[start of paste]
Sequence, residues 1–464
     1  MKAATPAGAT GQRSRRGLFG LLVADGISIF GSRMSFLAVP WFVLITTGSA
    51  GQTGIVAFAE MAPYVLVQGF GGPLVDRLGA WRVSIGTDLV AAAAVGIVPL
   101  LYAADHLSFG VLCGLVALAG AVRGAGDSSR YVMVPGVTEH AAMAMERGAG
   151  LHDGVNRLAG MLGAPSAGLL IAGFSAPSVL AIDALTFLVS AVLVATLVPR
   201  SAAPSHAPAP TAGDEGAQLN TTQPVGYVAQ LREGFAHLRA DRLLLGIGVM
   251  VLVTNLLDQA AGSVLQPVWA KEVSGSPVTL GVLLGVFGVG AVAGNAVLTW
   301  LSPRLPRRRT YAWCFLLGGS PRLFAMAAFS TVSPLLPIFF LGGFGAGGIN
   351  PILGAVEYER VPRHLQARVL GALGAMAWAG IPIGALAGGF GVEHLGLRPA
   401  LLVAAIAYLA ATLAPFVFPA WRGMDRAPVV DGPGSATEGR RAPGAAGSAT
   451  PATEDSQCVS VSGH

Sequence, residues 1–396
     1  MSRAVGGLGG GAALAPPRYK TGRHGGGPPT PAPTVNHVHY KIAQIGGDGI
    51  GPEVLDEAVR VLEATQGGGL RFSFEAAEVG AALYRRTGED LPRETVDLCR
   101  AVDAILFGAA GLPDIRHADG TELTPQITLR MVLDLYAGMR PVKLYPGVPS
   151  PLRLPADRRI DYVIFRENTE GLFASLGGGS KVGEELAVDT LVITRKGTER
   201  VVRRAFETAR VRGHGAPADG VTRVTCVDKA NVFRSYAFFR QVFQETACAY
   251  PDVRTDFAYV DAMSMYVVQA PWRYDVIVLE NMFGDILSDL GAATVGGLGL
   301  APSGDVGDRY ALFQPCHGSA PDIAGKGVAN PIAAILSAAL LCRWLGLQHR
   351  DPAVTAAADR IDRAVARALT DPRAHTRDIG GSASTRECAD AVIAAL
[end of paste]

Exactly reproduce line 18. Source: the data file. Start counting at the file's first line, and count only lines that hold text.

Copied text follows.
   251  PDVRTDFAYV DAMSMYVVQA PWRYDVIVLE NMFGDILSDL GAATVGGLGL